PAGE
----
Thank you, Brad [Willingham, President TCTA].
I appreciate the chance to be with a group that plays such an important role in the lives of so many young Texans.
Outside of parents, our teachers are the most important people in the most important responsibility that any community has preparing our children for the rigors of tomorrow's workplace.
Teachers not only teach facts and figures you are leaders in the formation of our young people helping to shape their character and work ethic as you equip them for the next challenges in life.
It's not easy work and I know that from guiding my own children through school.
I also remember exasperating a few teachers at Paint Creek High School, but that's a conversation for another time.
Bottom line, you are continually shaping the next generation. Talking to teachers all across the state, I have heard stories of schooldays jam-packed with lessons, planning and meetings after-school hours spent volunteering in special programs and more teacher meetings than you'd care to recall.
Throw in the late-night phone calls from worried parents and the long weekends spent setting up classrooms or fine-tuning lesson plans and you set a very high standard.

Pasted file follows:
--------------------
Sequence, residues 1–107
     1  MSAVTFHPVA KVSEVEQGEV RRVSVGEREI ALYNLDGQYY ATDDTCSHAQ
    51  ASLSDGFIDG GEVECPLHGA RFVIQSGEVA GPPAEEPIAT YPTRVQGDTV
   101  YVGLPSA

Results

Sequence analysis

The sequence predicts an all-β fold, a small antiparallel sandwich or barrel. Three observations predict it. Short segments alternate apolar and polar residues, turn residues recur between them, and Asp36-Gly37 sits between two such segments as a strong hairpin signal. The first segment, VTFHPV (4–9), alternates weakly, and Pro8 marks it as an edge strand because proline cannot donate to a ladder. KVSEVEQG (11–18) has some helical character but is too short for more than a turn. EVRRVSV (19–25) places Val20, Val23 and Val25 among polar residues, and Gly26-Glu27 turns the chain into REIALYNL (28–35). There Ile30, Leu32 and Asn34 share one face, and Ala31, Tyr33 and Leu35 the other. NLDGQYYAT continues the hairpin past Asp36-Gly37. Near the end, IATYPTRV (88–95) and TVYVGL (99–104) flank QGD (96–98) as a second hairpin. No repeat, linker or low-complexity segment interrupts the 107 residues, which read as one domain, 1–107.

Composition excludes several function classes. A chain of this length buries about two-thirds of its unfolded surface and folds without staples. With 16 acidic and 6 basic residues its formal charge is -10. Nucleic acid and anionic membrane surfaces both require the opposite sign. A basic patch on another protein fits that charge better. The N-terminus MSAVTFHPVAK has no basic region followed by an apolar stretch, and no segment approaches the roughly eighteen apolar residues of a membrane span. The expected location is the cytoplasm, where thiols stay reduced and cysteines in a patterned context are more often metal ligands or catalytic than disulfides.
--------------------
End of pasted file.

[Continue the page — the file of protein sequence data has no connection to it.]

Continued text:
The good news is that your dedication and hard work are paying off for the children of Texas.
We've seen improved TAKS scores in every subject and every grade for the 2008-2009 school year and recognition for Texas as one of only four states closing the achievement gap in math.
Another indicator of our continued success can be found in Advanced Placement testing where student participation is up 170% over the last nine years and the number of passing scores went up 140%. Texas teachers are inspiring a love of learning that appears to be leading more students to pursue higher education.
Texas has one of the highest percentages of students taking the SAT in the nation with more first-generation college students taking the exam than the national average and the number of Hispanic students taking the SAT growing by nearly 105% since 1999.
Texas students are besting the national average in math in the ACT with scores across all demographics improving every year since "05.
However you measure success, Texas is pointed in the right direction.
That said, it won't surprise anyone in this room when I say we still have work to do as we prepare our children for the future.
Recently, I had the opportunity to lead a trade delegation to Asia visiting cities in China, Taiwan and South Korea.
As I spread the good word about the State of Texas our economy, our strength as a tourist destination, and our people I also heard my share about that region's growing strength.
I visited some bold companies and met some amazing individuals who work on the cutting edge of next-generation technology.